You are in the beginning of a series of security and protection newsletters on the technology that matters to you. Every week I'll focus in on one aspect of technology and talk about how to protect it and prepare for the worst.
This week I'll be starting with security for your mobile devices(phones and tablets). Just 5 years ago if you had a blackberry then you were on the cutting edge of mobile technology. Now there are no shortage of smartphones and now tablets. As I go through and list off how to protect your stuff not only will I try to give instructions on how to do it but I'll also try to include instructions for android and apple.
Use a passcode
I know. You're sick of PIN numbers and passwords. But they work. And if you leave your phone or tablet somewhere, and someone finds it who wants to see what they can get off of it before they turn it into the lost and found then you could be in trouble. All smartphones and tablets have the ability to require a 4 digit code or password before it will let you use the phone. That way any passerby or thief can't easily get access to your life. Here are apples instructions for password protecting your iPad and iPhone. All androids have subtly different steps to do this. But if you google your phone and put "password protect" at the end of it you'll find plenty of articles to help you out.
Be careful where you download apps
If you're an iPhone or iPad user you don't have to worry about this unless you rooted your phone. Apple is very strict about the apps that are allowed on their App Store. If you're an android user you have the option to install apps from 3rd party sites. Any app you download from the Google play store should be safe, but there's a myriad of 3rd party sources you can go to get an app. Just keep in mind that with apps if it's too good to be true then it probably is. If that app cost $5 on the Google play store and it's free on this Russian site then there's your red flag(no pun intended...kinda).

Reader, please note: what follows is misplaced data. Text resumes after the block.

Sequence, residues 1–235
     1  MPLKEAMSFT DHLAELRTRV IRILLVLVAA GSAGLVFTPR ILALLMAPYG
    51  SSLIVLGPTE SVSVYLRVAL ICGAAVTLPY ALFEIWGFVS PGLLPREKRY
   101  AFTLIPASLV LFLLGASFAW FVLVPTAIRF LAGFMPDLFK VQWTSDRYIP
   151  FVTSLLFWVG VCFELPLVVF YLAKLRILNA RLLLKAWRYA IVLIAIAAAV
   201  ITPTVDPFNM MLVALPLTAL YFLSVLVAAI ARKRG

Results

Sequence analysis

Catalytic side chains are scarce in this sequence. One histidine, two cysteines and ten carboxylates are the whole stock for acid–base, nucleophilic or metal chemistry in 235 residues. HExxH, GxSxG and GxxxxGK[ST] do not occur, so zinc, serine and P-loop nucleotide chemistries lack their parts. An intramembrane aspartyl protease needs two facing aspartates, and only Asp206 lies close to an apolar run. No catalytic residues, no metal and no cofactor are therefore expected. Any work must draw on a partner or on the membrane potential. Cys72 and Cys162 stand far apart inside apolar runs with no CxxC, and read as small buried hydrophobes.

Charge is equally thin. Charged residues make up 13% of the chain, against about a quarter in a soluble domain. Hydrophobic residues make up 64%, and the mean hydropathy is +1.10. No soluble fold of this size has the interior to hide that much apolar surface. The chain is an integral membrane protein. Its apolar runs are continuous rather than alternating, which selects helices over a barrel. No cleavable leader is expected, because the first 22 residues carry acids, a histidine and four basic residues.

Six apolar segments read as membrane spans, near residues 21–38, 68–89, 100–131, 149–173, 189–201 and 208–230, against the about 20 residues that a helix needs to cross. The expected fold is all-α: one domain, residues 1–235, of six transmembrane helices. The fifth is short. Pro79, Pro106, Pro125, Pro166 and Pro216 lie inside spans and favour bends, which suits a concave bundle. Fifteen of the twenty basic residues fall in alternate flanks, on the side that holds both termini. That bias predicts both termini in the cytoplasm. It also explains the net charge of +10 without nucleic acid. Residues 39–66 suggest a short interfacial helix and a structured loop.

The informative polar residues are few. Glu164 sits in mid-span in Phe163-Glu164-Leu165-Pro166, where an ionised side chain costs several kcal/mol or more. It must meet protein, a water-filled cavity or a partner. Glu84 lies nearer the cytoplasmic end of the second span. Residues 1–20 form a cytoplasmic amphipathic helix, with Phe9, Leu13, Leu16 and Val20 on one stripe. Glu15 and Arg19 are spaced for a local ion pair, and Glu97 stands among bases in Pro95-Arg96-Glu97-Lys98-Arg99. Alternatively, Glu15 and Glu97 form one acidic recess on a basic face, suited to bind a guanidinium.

Be sure one of your apps is security software
Avg and Malwarebytes both make great apps that will scan your device for virus' that can hide in apps, texts and email attachments. And they're free.
Have a backup just in case
So far all of these have been preventative ideas. But sometimes things just happen. And that's when it's helpful to have a backup so you don't lose your stuff. Apple makes this real easy with iCloud. As long as your iCloud is logged in and set up on that device it will do a full device backup whenever it's plugged in, on wifi and the screen is turned off. Apple gives instructions on how to backup and restore from iCloud here. Android users have some options for how they want to do this. This PCMag article does a good job of laying those options out there.
I hope you found something useful here. That's the whole point after all. Feel free to forward this to anyone you think would enjoy this. Also feel free to reply if you're confused about something I talked about or have an idea for a topic I should do in one of the coming weeks.